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Rubus niveus Thunb.
Family Rosaceae
Common name: Mysore Raspberry

Rubus niveus Thunb. APNI*

Description: Arching or climbing shrub to 2 m high. Primocane stems rounded or round-angled, glabrous, prickles 3–7 mm long, mostly on angles. Flowering stems from the leaf axils of the floricane.

Primocane leaves pinnately compound, consisting of 5, 7 or 9 (less often 11) leaflets; leaflets densely white felted below, petiole 1.5–5 cm long, terminal leaflet elliptic-ovate to ovate, slightly longer than lateral leaflets, 2.5–8 cm long and 1–5 cm wide. Floricane leaflets similar to primocane leaflets.

Inflorescences a short terminal panicle. Sepals without prickles. Petals 4–5 mm long, shorter than sepals, 3–5 mm wide, broadly obovate to almost orbicular, red, held erect in flower.

Fruit ovoid to oblong, covered in short white hairs, initially green, ripening red, maturing black.

Photo Stephen Johnson

Photo Stephen Johnson

Flowering: mainly spring and summer.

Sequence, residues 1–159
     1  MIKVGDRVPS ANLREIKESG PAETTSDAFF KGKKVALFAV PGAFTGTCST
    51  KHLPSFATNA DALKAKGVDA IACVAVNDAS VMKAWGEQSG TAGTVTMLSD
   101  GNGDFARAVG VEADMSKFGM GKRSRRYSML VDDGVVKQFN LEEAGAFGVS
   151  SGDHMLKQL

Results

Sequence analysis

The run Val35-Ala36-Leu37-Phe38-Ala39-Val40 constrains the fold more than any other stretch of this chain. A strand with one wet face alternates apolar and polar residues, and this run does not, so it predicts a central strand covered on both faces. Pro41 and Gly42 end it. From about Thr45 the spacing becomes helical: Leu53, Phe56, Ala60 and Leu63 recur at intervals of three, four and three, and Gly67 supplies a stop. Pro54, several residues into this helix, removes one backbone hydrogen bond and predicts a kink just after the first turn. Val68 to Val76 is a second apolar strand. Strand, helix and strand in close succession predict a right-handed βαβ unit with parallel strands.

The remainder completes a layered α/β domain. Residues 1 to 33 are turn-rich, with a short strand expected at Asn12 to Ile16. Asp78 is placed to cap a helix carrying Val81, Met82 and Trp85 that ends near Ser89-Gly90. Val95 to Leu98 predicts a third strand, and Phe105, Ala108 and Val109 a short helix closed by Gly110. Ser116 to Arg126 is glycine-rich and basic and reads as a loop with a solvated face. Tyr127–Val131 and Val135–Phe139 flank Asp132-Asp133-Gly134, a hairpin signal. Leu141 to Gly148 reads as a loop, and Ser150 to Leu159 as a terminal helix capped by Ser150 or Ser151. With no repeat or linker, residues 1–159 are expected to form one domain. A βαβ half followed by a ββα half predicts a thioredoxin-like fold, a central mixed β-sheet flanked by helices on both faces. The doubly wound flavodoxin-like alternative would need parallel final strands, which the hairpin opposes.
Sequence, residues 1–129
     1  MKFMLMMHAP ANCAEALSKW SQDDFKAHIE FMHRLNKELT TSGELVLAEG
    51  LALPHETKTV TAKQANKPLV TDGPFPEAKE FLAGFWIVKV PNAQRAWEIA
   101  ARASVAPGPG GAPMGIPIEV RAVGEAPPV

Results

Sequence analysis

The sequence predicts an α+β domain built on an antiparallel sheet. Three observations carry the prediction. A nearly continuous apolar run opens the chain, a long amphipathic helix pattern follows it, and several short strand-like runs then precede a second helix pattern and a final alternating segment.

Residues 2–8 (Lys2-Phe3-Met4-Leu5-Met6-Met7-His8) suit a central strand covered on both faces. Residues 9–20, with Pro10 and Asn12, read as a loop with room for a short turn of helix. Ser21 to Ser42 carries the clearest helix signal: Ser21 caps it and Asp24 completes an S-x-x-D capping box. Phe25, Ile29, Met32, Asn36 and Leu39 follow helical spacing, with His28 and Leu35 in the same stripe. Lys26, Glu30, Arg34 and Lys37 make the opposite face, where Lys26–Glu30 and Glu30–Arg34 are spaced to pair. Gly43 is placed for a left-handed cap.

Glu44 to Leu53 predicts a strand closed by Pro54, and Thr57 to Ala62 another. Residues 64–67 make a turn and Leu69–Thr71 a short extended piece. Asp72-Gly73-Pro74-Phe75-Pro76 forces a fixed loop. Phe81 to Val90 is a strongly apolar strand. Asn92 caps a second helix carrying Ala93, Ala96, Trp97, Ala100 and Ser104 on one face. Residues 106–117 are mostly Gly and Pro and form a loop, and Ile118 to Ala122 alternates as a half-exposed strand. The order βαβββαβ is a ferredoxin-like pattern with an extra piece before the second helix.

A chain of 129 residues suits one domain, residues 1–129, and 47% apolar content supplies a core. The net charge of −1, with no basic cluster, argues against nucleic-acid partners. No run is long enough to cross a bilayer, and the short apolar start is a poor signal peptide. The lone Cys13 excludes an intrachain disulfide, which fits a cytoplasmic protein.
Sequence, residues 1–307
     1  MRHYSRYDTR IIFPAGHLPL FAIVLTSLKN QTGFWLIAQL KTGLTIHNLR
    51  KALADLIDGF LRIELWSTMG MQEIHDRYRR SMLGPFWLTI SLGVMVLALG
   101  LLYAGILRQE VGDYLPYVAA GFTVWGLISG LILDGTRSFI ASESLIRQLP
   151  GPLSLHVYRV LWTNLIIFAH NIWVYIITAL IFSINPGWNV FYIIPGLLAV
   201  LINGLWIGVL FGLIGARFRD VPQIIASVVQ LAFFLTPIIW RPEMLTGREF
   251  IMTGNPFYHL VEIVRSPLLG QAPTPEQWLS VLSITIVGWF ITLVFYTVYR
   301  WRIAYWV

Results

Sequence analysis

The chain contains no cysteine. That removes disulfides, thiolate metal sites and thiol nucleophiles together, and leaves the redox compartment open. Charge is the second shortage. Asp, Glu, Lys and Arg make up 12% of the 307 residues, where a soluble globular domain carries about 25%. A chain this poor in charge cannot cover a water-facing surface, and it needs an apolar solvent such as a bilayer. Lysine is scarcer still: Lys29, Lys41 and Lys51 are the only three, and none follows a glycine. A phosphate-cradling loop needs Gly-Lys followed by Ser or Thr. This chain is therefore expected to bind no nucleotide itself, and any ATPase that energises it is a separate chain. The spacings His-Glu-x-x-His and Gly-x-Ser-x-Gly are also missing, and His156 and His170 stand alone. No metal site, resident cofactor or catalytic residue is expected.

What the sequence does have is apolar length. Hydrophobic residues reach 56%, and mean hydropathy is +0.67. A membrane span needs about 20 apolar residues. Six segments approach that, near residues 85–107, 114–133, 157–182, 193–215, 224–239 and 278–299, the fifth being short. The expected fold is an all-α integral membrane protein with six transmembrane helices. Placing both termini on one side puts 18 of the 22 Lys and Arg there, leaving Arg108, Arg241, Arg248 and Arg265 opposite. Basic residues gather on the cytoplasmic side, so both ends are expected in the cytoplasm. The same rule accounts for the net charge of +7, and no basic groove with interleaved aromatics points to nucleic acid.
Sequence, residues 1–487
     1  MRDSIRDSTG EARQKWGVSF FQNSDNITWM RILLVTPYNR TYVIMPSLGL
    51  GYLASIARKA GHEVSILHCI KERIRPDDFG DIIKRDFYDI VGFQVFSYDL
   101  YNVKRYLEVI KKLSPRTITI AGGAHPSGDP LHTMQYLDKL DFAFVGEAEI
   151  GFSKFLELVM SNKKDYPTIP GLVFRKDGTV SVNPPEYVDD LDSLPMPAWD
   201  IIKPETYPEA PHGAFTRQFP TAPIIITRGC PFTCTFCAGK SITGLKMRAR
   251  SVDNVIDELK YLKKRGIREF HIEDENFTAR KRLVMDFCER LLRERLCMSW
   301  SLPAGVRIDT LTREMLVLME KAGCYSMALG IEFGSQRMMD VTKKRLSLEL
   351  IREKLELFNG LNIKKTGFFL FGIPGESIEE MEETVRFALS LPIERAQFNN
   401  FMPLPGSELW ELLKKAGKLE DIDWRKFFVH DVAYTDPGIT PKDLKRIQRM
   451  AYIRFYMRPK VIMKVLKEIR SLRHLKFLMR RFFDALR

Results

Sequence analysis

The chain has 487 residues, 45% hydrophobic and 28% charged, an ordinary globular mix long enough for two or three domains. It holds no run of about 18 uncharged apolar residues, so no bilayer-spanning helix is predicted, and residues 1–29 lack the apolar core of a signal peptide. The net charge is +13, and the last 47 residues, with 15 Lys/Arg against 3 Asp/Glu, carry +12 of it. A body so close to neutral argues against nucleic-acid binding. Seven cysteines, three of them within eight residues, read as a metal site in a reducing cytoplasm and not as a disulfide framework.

Distribution and occurrence: not common. Native of Asia and Malesia.

Found in grasslands to forests in coastal areas.
NSW subdivisions: *NC
AVH map***

Only known from Karangi to Coffs Harbour. Distinguished by its pinnate leaves, glaucous stems and fruit with grey hairs. Introduced for its edible fruit. This species has naturalised and is weedy in Hawaii, on the Galapagos Islands and in Zimbabwe. Overseas it is capable of forming impenetrable thickets.

Text by John Hosking, June 2009
Taxon concept: L. Lu & D.E. Boufford, Flora of China Volume 5 (2003).

APNI* Provides a link to the Australian Plant Name Index (hosted by the Australian National Botanic Gardens) for comprehensive bibliographic data
***The AVH map option provides a detailed interactive Australia wide distribution map drawn from collections held by all major Australian herbaria participating in the Australian Virtual Herbarium project.
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